‘The Distant Barking of Dogs’: An International Co-Production Case Study
The Distant Barking of Dogs has received an impressive number of international awards—including two IDA Documentary Award nominations and an honorable mention for the Pare Lorentz Award—as well as resounding praise from film critics around the world. Documentary sat down with the film’s producer, Monica Hellström, to discuss the creative collaboration behind the film, the different co-production structures involved and the management of European and North American funding.
“It has been such a wonderful process to co-produce The Distant Barking of Dogs with international partners,” says Hellström. “Doing this film as a co-production has brought a big cinematic quality to the film. Our co-production structure has made it possible to work with a fantastic hand-picked international creative team. This team of co-producers and creative forces of composers, sound designers and graphic artists delivered a strong input and engagement from all involved countries. It simply took the creative input to a different level.”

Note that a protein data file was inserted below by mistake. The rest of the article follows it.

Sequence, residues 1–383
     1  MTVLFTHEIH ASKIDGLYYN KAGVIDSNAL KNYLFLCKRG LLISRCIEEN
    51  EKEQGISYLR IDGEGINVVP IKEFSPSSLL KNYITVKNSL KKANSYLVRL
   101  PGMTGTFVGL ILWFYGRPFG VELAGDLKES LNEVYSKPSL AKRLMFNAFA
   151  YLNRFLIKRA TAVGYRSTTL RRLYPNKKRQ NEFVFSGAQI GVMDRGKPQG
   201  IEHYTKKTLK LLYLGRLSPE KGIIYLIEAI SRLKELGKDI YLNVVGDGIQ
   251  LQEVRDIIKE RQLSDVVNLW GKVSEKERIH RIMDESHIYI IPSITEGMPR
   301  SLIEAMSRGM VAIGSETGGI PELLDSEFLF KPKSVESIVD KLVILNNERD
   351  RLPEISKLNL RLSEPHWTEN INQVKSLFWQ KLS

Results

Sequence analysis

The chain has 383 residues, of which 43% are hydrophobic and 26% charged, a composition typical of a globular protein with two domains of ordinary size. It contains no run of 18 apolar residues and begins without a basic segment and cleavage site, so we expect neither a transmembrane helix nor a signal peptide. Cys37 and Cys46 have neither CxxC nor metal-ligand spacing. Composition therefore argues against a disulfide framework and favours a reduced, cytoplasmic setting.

Hellström, a producer at the Copenhagen-based production company Final Cut for Real, forming a close partnership with her Danish compatriot, director Simon Lereng Wilmont, in the creation of The Distant Barking of Dogs. The film is set in Eastern Ukraine. Over the course of a year, it follows the life of 10-year-old Ukrainian boy Oleg in a small village right at the frontline of war.
A Collaboration with Trusted Partners
The structure for the creative and financial realization of the film was, from a very early stage, planned as an international collaboration. “From the beginning we knew this would be a co-production with Sweden,” Hellström reflects. “I have made many co-productions with Tobias Jansson from the production company Story in Stockholm. This includes the two previous films directed by Simon. So for me it was natural to reach out to Tobias very early on in the process of this film as well.”
After arranging the initial co-production with Sweden, Hellström and Wilmont took the project to the Nordisk Panorama Forum in 2016. This forum is an essential meeting point for Nordic producers, as it brings together all the important Nordic film funds and broadcasters for two days of pitching, giving producers an opportunity to discuss potential new co-productions and creative collaborations.